Wednesday, November 11, 2009

Art/Science – Why Now?

By Justine Roberts, Principal
This week I attended the opening reception for The Laboratory at Harvard. As an science and art venue The Lab joins the following:
All of which have opened in just the last 2.5 years. That list does not include the discovery centers and children’s museums – such as the Austin Children’s Museum - repositioning themselves as places that bring art and science together. This incredible international explosion of interest in mixing art and science together raises the question: Why now?

As far back as Pythagoras art and science were used together to interpret and represent an understanding of the world. The two were teased apart in the 19th century with some clear benefits, as well as the rise of some new anxieties. Yet the division stuck. So why are we now working to reconnect art and science in popular culture, professional practice and the academy?

It is possible that students who want more opportunities to work across disciplines are in part driving these art/science projects. But not all of the venues are affiliated with a school, or focused on student participation. It is more likely that there is a cultural need for places that increase potential encounters with new perspectives, and which support unlikely collaborations between people from different fields. Michael-John Gorman, Director of the Science Gallery, thinks that today’s questions and problems require a new kind of creativity made possible only by interdisciplinary investigation.

If there is a critical need behind the impetus to engage the public in art and science together, then simply having the arts inform science and the sciences inform art is not sufficient. Not all artistic uses of technology, or visualizations of scientific data, are equally useful and enlightening. But it is not at all clear whether The Lab should therefore be a space for open exploration of art and science, or whether it should organize inquiry around a set of specific questions.

The Lab, like a number of the other art/science venues targeting teens and young adults, is designed to accommodate exhibitions, parties, lectures, and lounging. As described by its founders, The Lab was created to encourage conversation between the arts and sciences, with the goal of cross-pollinating ideas and fostering creativity. I came away from the opening reception questioning whether this was enough.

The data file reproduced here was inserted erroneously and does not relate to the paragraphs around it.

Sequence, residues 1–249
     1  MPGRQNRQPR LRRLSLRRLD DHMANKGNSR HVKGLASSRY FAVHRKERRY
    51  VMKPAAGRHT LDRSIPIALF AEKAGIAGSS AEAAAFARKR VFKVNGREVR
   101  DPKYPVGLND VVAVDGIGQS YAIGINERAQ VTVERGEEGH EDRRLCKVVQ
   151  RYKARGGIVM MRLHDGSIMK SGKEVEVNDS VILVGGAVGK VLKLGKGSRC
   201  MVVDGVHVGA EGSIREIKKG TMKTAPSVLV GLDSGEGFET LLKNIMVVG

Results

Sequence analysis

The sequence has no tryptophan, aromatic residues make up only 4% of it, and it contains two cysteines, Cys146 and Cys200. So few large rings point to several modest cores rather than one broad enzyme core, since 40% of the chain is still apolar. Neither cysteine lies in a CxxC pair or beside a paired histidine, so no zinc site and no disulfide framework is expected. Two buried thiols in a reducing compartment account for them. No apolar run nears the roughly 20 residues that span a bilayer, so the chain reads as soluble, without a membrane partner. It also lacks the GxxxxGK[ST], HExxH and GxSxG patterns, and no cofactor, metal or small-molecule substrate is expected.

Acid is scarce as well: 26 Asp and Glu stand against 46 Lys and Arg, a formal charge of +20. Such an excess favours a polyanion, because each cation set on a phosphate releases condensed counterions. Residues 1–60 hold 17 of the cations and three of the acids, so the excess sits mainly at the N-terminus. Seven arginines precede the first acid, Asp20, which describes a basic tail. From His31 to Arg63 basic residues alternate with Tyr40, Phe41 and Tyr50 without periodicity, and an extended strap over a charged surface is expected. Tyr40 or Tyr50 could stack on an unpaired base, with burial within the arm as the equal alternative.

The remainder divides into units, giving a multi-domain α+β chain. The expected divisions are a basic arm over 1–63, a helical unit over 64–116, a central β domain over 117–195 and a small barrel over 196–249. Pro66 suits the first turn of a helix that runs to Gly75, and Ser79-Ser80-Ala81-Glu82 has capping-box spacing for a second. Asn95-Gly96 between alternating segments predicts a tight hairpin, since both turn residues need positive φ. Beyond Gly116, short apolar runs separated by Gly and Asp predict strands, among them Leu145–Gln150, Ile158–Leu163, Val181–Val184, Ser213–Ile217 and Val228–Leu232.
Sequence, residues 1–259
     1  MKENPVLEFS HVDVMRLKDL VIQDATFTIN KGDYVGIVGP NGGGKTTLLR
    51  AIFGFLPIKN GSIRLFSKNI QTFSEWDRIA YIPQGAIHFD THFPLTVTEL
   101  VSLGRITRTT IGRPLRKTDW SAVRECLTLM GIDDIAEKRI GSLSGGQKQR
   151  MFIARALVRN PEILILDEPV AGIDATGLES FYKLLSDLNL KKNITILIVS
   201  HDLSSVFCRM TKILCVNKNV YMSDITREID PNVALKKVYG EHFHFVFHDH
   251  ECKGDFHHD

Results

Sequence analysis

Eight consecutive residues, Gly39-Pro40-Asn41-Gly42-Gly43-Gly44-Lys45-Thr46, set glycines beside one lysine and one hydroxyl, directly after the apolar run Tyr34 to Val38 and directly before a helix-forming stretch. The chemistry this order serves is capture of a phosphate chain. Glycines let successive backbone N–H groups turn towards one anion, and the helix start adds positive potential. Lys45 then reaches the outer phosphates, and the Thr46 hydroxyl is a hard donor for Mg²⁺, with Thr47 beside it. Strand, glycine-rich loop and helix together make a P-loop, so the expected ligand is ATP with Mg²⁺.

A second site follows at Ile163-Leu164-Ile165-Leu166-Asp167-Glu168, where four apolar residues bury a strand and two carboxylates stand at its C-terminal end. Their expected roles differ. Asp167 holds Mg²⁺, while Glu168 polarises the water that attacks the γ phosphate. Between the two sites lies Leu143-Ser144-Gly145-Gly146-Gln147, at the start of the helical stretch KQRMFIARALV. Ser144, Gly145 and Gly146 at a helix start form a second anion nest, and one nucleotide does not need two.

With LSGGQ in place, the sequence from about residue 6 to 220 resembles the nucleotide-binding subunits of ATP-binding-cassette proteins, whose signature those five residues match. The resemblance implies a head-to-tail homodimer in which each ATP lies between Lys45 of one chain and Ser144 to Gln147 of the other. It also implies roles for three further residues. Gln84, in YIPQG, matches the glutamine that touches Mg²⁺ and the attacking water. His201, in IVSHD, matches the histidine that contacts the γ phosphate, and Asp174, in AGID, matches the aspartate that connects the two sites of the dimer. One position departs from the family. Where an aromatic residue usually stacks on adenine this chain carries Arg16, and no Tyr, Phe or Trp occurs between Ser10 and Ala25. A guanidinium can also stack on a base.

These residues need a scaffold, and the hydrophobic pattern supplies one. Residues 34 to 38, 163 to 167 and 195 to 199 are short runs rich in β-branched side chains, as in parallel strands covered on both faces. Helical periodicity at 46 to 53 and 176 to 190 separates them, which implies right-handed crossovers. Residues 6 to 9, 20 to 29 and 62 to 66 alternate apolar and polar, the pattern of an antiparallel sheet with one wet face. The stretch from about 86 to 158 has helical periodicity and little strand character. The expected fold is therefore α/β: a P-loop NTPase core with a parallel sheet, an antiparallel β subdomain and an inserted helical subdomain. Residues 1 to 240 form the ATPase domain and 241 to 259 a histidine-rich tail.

While I think it is critical that cultural space bring people together and serve as a catalyst for discussion and debate, I wonder whether The Lab could accomplish more. After all, as part of Harvard it has access to students and faculty as well as a large international network. It should be possible for The Lab to actively encourage collaborations and promote new solutions-oriented thinking. We will have to wait and see if The Lab is primarily a student exhibit hall, or if the University has a larger vision for it.

I think The Lab raises some important questions – for instance, how should we define “art” and “science” in the first place? And what is the common ground between them? Some people have suggested that art and science share a curiosity-driven process and a high degree of creativity. But others describe science as a way of investigating our world and art as unconstrained creativity. 

In the end, maybe the lack of clarity over what is art and what is science is the point. Although they require different training, ways of seeing, and starting assumptions, in practice the two might look very similar, making it possible for artists and scientists to share physical and intellectual space in a way that can open new opportunities for the future.

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